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Pain. 2014 Nov;155(11):2274-81. doi: 10.1016/j.pain.2014.08.015. Epub 2014 Aug 19.

Thoracic sympathetic block for the treatment of complex regional pain syndrome type I: a double-blind randomized controlled study.

Author information

1
Pain Center, Department of Neurology, School of Medicine, University of São Paulo, São Paulo, Brazil. Electronic address: contato@drrobertorocha.com.br.
2
Pain Center, Department of Neurology, School of Medicine, University of São Paulo, São Paulo, Brazil; Neurosurgery Division, Department of Neurology, School of Medicine, University of São Paulo, São Paulo, Brazil.
3
Pain Center, Department of Neurology, School of Medicine, University of São Paulo, São Paulo, Brazil; Physical Medicine, Department of Orthopedics, School of Medicine, University of São Paulo, São Paulo, Brazil.
4
Pain Center, Department of Neurology, School of Medicine, University of São Paulo, São Paulo, Brazil.
5
Pain Center, Department of Neurology, School of Medicine, University of São Paulo, São Paulo, Brazil; Instituto do Câncer do Estado de São Paulo Octávio Frias de Oliveira, University of São Paulo, São Paulo, Brazil.

Abstract

Pain relief in complex regional pain syndrome (CRPS) remains a major challenge, in part due to the lack of evidence-based treatment trials specific for this condition. We performed a long-term randomized, double-blinded active-control study to evaluate the efficacy of thoracic sympathetic block (TSB) for upper limb type I CRPS. The study objective was to evaluate the analgesic effect of TSB in CRPS. Patients with CRPS type I were treated with standardized pharmacological and physical therapy and were randomized to either TSB or control procedure as an add-on treatment. Clinical data, pain intensity, and interference (Brief Pain Inventory), pain dimensions (McGill Pain Questionnaire [MPQ]), neuropathic characteristics (Neuropathic Pain Symptom Inventory [NPSI]), mood, upper limb function (Disabilities of Arm, Shoulder and Hand), and quality of life were assessed before, and at 1 month and 12 months after the procedure. Thirty-six patients (19 female, 44.7 ± 11.1 years of age) underwent the procedure (17 in the TSB group). Average pain intensity at 1 month was not significantly different after TSB (3.5 ± 3.2) compared to control procedure (4.8 ± 2.7; P=0.249). At 12 months, however, the average pain item was significantly lower in the TSB group (3.47 ± 3.5) compared to the control group (5.86 ± 2.9; P=0.046). Scores from the MPQ, evoked-pain symptoms subscores (NPSI), and depression scores (Hospital Anxiety and Depression Scale) were significantly lower in the TSB group compared to the control group at 1 and at 12 months. Other measurements were not influenced by the treatment. Quality of life was only slightly improved by TSB. No major adverse events occurred. Larger, multicentric trials should be performed to confirm these original findings.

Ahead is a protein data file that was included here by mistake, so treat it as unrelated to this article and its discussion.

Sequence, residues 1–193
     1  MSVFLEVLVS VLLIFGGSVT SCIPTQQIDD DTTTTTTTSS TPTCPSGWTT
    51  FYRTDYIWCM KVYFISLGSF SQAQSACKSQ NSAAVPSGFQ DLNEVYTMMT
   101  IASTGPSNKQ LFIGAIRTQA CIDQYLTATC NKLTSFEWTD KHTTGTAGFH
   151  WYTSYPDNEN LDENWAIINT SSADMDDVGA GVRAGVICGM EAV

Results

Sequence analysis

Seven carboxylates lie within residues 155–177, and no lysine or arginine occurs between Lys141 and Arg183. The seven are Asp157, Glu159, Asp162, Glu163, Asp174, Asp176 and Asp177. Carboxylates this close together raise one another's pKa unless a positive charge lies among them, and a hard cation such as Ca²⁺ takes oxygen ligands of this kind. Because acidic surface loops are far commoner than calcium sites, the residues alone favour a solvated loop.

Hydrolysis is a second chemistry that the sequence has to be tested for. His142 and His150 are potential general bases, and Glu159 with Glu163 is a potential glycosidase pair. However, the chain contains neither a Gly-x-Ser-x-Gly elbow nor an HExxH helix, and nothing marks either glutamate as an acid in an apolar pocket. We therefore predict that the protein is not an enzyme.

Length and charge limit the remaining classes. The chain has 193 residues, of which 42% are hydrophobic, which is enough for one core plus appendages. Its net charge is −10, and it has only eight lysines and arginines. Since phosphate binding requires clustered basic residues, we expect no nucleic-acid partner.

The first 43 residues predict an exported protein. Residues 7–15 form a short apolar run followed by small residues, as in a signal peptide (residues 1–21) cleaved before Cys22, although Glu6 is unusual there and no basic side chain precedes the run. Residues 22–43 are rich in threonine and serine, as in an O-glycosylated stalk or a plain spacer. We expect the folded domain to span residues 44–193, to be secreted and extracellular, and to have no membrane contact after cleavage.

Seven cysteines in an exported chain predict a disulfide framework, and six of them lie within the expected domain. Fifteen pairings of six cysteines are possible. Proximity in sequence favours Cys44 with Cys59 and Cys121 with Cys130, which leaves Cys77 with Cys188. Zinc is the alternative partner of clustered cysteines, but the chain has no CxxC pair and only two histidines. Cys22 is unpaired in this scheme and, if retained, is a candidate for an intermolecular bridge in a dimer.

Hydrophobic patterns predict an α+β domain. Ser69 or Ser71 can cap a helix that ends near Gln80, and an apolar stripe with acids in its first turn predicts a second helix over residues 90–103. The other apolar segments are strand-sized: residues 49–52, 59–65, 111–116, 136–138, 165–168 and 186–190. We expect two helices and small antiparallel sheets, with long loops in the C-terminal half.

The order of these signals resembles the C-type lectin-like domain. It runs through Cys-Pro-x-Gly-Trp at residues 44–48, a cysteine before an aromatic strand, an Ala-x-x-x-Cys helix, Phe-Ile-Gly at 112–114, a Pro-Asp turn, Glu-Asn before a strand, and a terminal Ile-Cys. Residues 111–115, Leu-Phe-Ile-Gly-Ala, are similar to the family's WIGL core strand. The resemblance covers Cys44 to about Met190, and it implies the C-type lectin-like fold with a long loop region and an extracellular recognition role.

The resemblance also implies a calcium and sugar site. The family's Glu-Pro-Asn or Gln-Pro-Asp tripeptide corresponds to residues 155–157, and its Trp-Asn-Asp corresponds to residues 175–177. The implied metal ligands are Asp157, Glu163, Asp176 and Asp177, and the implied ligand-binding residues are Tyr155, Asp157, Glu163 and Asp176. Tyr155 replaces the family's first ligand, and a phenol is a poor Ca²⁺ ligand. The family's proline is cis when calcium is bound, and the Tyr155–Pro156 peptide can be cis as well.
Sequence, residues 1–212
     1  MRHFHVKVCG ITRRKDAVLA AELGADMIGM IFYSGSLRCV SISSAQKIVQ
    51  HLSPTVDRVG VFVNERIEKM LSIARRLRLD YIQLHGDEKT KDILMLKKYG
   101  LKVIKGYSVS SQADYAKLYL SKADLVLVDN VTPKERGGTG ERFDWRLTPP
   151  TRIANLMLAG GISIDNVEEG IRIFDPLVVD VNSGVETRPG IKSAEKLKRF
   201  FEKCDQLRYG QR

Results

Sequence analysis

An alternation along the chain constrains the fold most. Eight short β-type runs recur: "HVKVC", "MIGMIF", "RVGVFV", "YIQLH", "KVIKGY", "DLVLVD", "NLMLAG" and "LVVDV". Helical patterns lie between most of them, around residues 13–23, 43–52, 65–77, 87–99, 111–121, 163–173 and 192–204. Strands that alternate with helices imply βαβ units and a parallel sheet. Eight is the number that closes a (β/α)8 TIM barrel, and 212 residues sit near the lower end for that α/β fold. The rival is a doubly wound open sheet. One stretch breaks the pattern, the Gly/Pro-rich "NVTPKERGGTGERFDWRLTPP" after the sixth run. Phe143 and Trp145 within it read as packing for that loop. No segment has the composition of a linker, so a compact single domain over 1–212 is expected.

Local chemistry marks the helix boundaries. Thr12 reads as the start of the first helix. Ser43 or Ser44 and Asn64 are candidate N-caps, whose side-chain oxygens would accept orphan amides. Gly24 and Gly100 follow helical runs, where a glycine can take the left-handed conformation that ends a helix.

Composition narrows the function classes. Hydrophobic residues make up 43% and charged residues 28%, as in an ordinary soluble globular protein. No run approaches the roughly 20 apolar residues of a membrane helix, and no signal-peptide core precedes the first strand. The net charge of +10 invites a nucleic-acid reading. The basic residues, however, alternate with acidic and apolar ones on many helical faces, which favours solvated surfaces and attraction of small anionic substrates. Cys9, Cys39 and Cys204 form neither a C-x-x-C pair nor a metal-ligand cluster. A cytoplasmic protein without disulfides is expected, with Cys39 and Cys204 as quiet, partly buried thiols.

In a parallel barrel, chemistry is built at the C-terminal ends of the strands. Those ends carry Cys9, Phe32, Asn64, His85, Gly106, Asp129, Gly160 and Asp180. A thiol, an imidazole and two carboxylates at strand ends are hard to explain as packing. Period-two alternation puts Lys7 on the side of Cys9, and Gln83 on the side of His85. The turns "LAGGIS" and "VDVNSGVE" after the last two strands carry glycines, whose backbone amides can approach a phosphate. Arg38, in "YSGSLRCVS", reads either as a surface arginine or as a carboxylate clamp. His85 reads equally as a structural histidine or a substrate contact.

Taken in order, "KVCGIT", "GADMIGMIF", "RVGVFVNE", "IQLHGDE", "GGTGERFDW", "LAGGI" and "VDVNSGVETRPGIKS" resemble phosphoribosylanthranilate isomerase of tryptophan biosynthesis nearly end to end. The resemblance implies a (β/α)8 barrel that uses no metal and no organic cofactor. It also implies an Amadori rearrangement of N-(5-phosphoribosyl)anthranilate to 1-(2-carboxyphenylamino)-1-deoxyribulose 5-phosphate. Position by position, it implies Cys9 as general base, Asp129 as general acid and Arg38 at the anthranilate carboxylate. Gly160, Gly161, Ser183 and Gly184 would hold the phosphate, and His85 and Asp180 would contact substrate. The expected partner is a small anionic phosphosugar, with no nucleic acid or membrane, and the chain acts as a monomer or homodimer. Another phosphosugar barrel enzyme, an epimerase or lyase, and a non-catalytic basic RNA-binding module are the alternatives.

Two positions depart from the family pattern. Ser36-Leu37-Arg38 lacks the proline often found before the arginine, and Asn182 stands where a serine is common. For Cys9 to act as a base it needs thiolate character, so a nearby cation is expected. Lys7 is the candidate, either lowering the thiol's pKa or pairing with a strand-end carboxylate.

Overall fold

KEYWORDS:

Complex regional pain syndrome; Sympathetic nerve block; Thoracic column; Upper limbs

PMID:
25149143
DOI:
10.1016/j.pain.2014.08.015
[Indexed for MEDLINE]

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